In vs. 1-6, the Magi arrive from the East, and the priests and scribes inform Herod that the Messiah would indeed be born in Bethlehem. In vs. 7-12, the Magi do homage, then being warned, return home another way. In vs. 13-15, Joseph too is warned, and he takes Mary and Jesus away to safety. In vs. 16-18, Herod, realizing he has been tricked, kills all the boys of Bethlehem--a horrific genocide akin to anything Hitler or Pol Pot or Mao or Stalin or Sanger or Saddam ever perpetrated. Finally, in vs. 19-23, after the death of Herod, the holy family returns to Galilee.

Each of these five scenes vividly illustrates the depths of man’s depravity; the strong vocabulary emphasizes the wretched estate of sin: v. 3 describes Herod as "troubled," or literally, “profligately mad;” v. 7 says Herod "summoned the Magi secretly," or more literally, he “skulked, conspired, and plotted in the dark;” v. 13 says Herod "sought to destroy" the Christ child; the word used here is particularly gruesome, meaning to “smother or to slaughter;” v. 16 says Herod became "furious;" the word here is thomoo, literally “enraged.” Herod was consumed with a mad, cruel, destructive rage and as a result his murderous heart led him to commit horrific genocide, a wholesale slaughter of the innocents. But even after Herod died, the mad violent bent of man continued--vs. 20 and 22--for “there is a way that seems right to a man, but its end is death.”

But notice too that each of these five scenes is anchored by an Old Testament prophecy: v. 6 is from Micah 5:2; v. 11 is from Psalm 72:10; v. 15 is from Hosea 11:1; v. 18 is from Jere. 31:15; and v. 23 is from Isaiah 11:1. It is as if Matthew is assuring us that as horrific as things appear, events are not spinning out of control; God’s redemptive purposes cannot be frustrated--not even by the most evil schemes of men; the worst that man can do is no match for the best that God can do.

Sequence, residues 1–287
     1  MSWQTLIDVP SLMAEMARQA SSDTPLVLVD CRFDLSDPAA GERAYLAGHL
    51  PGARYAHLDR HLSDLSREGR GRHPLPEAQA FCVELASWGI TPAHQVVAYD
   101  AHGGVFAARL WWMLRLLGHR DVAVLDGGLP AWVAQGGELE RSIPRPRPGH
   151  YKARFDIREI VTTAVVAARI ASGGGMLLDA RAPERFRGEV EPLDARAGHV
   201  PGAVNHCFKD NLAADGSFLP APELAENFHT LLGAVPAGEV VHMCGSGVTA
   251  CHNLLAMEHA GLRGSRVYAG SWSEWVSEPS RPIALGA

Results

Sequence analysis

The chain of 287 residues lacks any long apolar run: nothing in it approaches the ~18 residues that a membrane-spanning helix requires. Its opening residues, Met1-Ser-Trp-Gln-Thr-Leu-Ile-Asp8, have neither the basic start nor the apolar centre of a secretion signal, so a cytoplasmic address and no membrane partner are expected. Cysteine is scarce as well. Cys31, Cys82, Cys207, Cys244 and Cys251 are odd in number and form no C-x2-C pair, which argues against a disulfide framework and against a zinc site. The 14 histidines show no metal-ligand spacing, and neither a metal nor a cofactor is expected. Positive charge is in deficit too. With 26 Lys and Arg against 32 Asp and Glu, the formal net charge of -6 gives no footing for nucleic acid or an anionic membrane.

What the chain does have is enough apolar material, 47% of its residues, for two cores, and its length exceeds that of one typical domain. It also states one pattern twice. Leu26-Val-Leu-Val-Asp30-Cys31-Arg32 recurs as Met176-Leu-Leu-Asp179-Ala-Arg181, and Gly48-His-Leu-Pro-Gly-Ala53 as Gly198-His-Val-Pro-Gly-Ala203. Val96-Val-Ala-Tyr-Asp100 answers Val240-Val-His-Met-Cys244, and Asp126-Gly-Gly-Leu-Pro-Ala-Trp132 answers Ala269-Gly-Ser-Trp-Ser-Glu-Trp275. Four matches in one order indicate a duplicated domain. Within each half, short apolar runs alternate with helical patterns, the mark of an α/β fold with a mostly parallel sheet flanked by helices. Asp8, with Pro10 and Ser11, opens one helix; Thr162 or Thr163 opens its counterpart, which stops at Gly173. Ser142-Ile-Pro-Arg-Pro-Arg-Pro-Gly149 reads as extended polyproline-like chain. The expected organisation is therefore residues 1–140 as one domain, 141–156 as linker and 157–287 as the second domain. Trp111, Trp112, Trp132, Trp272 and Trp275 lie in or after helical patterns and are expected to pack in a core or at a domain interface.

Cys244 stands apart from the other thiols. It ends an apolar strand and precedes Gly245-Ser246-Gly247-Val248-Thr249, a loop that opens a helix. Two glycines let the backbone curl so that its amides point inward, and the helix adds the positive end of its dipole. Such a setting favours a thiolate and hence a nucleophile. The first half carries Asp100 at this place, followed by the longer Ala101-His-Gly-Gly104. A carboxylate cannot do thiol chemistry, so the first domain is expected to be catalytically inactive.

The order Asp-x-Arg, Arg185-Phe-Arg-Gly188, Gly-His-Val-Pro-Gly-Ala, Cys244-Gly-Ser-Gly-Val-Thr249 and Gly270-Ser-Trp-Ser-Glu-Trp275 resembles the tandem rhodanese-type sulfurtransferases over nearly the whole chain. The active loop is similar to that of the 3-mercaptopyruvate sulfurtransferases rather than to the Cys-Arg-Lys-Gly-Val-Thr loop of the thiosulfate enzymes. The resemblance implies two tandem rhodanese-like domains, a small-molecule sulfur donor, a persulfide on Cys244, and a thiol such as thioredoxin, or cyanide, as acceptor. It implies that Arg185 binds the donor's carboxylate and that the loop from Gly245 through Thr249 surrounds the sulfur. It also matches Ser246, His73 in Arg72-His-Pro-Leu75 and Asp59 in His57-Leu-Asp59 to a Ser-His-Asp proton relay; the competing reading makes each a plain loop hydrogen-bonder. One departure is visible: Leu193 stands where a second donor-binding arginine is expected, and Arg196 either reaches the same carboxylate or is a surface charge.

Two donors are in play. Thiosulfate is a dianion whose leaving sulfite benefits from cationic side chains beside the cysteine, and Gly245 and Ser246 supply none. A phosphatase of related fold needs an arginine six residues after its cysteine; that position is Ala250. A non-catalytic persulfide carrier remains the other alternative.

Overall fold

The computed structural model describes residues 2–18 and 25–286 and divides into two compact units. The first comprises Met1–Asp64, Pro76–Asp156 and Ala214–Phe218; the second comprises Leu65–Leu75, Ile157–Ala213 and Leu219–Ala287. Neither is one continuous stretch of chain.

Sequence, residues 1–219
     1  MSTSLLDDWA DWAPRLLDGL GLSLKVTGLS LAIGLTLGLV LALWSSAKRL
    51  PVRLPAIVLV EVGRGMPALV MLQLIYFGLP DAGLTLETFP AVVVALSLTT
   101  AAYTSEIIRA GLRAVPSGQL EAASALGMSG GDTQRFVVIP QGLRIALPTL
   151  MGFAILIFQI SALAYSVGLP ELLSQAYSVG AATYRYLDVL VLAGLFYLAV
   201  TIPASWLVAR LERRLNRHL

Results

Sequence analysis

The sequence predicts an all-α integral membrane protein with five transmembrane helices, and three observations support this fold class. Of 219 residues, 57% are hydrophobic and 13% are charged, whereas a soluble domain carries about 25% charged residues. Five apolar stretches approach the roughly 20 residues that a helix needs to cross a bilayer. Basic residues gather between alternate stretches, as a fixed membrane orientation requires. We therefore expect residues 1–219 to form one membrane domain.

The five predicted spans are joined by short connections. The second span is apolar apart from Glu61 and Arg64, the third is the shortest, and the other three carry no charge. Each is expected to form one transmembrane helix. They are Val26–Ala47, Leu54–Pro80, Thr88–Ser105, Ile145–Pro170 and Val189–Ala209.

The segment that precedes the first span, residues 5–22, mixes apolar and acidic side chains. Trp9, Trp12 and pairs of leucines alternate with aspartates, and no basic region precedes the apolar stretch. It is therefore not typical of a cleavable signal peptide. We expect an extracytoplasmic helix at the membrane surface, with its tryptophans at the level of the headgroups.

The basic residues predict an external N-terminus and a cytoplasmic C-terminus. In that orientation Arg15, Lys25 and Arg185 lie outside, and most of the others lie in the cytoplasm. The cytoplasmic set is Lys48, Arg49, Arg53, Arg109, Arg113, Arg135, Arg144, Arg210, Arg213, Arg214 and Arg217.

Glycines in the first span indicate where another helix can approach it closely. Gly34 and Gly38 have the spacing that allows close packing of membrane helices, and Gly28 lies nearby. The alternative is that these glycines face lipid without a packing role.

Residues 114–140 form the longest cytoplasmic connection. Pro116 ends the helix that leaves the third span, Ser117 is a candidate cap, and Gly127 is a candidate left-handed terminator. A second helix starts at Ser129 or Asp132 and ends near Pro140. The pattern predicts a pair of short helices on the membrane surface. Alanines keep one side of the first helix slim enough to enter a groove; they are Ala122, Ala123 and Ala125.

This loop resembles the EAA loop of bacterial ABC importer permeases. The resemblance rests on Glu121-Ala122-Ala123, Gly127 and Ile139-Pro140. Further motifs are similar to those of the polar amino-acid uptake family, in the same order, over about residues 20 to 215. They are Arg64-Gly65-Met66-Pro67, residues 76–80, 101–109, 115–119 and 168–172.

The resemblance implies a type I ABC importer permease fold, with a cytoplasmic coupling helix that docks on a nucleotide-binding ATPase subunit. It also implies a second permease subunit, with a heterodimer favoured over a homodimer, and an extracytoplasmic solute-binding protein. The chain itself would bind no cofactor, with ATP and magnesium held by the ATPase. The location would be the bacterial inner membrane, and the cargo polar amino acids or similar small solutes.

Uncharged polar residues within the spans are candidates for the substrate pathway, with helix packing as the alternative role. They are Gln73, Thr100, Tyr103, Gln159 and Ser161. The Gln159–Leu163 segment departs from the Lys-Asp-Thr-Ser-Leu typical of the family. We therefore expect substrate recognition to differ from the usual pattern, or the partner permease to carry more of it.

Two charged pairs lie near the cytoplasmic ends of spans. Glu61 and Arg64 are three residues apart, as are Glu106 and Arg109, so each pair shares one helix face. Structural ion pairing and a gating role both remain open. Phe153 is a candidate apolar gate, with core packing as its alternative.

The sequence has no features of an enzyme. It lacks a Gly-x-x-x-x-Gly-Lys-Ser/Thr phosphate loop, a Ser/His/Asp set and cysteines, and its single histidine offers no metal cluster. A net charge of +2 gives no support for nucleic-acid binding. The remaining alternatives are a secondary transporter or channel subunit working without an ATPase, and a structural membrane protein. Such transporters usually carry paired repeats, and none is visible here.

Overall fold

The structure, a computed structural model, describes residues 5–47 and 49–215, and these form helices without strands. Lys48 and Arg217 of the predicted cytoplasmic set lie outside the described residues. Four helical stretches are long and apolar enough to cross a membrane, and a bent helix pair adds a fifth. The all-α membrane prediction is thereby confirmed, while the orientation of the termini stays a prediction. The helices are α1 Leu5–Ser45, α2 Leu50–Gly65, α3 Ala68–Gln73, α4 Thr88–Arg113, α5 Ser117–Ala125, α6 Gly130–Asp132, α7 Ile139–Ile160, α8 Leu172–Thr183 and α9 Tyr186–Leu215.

No more let sins and sorrows grow, nor thorns infest the ground; He comes to make His blessings flow as far as the curse is found.

The implications of this passage are stunning. Here is what "page two" of the Christmas story teaches us:

Man’s conniving, plotting, and scheming will always be frustrated—because God is God and man is not. However much we may covet power, wealth, wisdom, might, honor, glory, and blessing, only God is worthy to receive these things. Thus, we are forced to face the futility of our vain ambitions. And this infuriates us. Witness the rage of Agamemnon and Achilles in the Iliad; witness the same rage of Sauron in The Lord of the Rings; witness the same rage of a two-year-old pitching a tantrum in his playpen. It is the rage native to all of us. It leads all of us toward destruction, for ultimately, we are all Herod-of-heart.